Saab Active Chassis involves processing signals from a number of on-board sensors which measure the vehicle’s vertical, lateral and body-in-roll movements. These inputs are fed into a central control unit, which monitors the behavior of each wheel as often as 100 times per second. It can then calculate and make small adjustments to the valving of each relevant damper as required in just 10-30 milliseconds. Opening the valve increases oil flow to allow softer damping, while closing the valve produces firmer damping. A range of pre-settings can be selected by the driver.



Wow, 400hp. That's a bit overkill isn't it? Also, I wonder how much of this is because Sweden wants to end their oil dependency? A 400hp car wouldn't fit into anybody's sustainability plan.


Net zero co2 emissions? Not.


Surely it is disingenuous to claim net zero CO2 emissions, unless the ethanol consumed is produced wholly using renewable energy, a highly unlikely prospect.


Tank-to-wheel only refers to the release during driving operations, not during the production phase of the fuel life cycle.


Looks very cool. Kudos to GM who generally produces a lot of crap concept and underwhelming product to market. Maybe a little fun mixed in with all of the "holier than thou" commentary that saturates this website isn't such a bad thing. I'm all for minimizing the impact on the "natural" state of the ecosystem. But who wants to always read a bunch of bitchin' posted by the same bunch of self-obsessed, crusty curmudgeons. Its a bit depressing really, which is why I don't read very much of the commentary here. Maybe high performance is a way to get the "less enlightened" to become increasingly aware of ecologically friendly transportation choices.


Another piece of crap aimed at the reptilian brain...

Fortunately it is only a concept, but it seems clear GM intends to ride ethanol for all it is worth.


Please enlighten me, my high school chemistry was a long time ago:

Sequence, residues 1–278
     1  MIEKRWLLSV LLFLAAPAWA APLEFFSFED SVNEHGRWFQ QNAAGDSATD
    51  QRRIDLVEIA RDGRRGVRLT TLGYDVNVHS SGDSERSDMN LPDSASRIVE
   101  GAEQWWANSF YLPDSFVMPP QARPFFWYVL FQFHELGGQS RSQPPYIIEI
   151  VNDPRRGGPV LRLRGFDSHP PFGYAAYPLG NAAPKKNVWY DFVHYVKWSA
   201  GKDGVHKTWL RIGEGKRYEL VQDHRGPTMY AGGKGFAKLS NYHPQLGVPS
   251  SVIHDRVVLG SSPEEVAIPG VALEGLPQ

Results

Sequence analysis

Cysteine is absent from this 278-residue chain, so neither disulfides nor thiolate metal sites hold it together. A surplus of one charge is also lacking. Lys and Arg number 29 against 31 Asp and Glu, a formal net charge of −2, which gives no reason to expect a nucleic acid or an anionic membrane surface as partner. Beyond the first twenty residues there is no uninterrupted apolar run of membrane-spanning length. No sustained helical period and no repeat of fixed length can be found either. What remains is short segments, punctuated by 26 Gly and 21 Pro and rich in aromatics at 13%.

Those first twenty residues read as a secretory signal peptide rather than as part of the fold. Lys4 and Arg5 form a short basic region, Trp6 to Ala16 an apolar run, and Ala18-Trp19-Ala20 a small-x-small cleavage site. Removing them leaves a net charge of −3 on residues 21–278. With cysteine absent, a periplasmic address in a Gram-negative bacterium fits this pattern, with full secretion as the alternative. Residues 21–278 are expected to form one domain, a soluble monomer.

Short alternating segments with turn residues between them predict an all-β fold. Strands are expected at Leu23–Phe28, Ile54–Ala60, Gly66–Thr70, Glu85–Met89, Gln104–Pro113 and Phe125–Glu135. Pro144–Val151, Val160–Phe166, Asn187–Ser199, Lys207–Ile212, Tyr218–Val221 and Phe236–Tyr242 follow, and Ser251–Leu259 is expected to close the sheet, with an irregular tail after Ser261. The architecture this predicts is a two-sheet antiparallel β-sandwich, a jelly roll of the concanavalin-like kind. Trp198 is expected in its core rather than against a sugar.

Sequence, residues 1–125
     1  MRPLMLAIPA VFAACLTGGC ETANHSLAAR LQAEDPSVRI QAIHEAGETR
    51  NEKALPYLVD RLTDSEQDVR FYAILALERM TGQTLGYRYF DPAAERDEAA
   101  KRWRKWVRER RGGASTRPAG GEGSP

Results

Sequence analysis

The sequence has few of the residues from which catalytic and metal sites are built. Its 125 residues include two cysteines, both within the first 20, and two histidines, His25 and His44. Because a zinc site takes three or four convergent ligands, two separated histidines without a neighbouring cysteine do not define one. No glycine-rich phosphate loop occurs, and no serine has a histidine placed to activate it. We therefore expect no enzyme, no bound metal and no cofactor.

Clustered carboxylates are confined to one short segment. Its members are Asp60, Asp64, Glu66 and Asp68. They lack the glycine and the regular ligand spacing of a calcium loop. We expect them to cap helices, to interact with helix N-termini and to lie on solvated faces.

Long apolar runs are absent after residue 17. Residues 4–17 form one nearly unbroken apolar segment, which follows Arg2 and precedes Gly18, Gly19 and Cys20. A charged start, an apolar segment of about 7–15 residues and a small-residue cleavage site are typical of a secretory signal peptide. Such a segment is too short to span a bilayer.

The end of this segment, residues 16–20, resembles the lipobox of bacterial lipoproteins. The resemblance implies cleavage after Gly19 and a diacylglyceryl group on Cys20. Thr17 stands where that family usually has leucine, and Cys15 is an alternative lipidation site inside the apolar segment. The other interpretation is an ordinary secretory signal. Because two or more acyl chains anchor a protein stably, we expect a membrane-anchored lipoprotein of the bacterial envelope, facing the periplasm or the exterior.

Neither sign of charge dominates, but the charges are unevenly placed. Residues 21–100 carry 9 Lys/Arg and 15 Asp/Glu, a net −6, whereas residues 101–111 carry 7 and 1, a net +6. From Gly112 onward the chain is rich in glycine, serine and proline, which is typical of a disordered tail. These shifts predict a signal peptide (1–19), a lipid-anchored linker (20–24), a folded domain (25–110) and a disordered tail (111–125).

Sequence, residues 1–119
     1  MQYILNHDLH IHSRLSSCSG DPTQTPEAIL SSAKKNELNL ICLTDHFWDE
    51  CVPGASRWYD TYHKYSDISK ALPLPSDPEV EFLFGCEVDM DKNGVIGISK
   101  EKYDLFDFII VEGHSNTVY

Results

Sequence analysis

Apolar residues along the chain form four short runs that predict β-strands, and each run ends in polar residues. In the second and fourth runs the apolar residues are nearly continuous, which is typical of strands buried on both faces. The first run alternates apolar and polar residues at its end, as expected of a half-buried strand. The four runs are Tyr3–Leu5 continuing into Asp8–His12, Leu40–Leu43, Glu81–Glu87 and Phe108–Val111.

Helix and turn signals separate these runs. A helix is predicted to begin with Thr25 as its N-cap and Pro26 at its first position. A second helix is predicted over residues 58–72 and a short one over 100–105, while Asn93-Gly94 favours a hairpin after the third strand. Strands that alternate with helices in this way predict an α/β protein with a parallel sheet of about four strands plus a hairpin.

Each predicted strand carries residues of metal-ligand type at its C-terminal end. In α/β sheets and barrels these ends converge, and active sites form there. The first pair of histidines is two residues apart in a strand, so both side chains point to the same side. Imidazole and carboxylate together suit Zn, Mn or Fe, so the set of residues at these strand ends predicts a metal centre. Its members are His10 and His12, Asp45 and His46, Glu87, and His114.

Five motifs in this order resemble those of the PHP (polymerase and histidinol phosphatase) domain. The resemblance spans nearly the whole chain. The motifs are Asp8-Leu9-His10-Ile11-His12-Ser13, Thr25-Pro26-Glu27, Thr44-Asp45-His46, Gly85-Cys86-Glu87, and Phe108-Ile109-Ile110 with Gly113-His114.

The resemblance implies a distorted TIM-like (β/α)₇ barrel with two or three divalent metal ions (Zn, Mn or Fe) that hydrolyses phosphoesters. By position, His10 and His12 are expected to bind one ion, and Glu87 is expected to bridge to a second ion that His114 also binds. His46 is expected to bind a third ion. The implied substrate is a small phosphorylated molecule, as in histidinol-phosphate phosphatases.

Does burning C2H6O not produce CO2?

What's the definition of "tank-to-wheels"?


dimitris: Yes, burning ethanol does produce CO2 but the entire process is carbon neutral (or at least MAY be carbon neutral). For corn based ethanol, the corn removes the same amount of CO2 from the atmosphere that is produced by burning's just a simple mass balance. Where things get tricky is trying to determine how much fossil fuels are being consumed by fertilizing the soil to grow the corn and determining how much fuel is being used by the farmer when harvesting the corn. IF you use less fossil fuel energy to make the ethanol than what the ethanol returns to you, then ethanol is indeed carbon neutral.

Technically tank to wheels does produce net CO2.


Tank-to-wheels refers to the buring of the fuel in the vehicle. "Well-to-tank" refers to the production of the fuel. Total fuel lifecycle emissions consist of both.

Burning a biofuel produces CO2. Basic chemistry. But the argument is that biofuel emissions during driving are balanced by the amount of CO2 that is removed from the atmosphere when crops for biofuel conversion are grown..."recycling" the CO2 already present in the atmosphere, so to speak. Burning a fossil fuel releases new amounts of CO2 which have been locked away underground.


ben: I think you meant to say "if you use *no* fossil fuel". Even if your ethanol returns twice the fossil-based energy you put in to grow it, you still have net CO2 emissions.

From a non-expert-in-the-field perspective, biofuels are interesting for two reasons:

- You can trade mobile emissions and energy for their mostly fixed-site (farm) counterparts. A wind farm can't directly power my car, but it may be useful in producing synthetic fertilizer.

- Biodiesel and E85/E100 are incremental/retrofit friendly, vs mobile electric (hybrid) which requires a powerplant designed for that almost from scratch.


Even if the energy return of ethanol is positive, this doesn't make the ethanol carbon neutral. Assuming that the carbon uptake is equal to the carbon output, the carbon output of the fossil fuel still renders the whole process not neutral.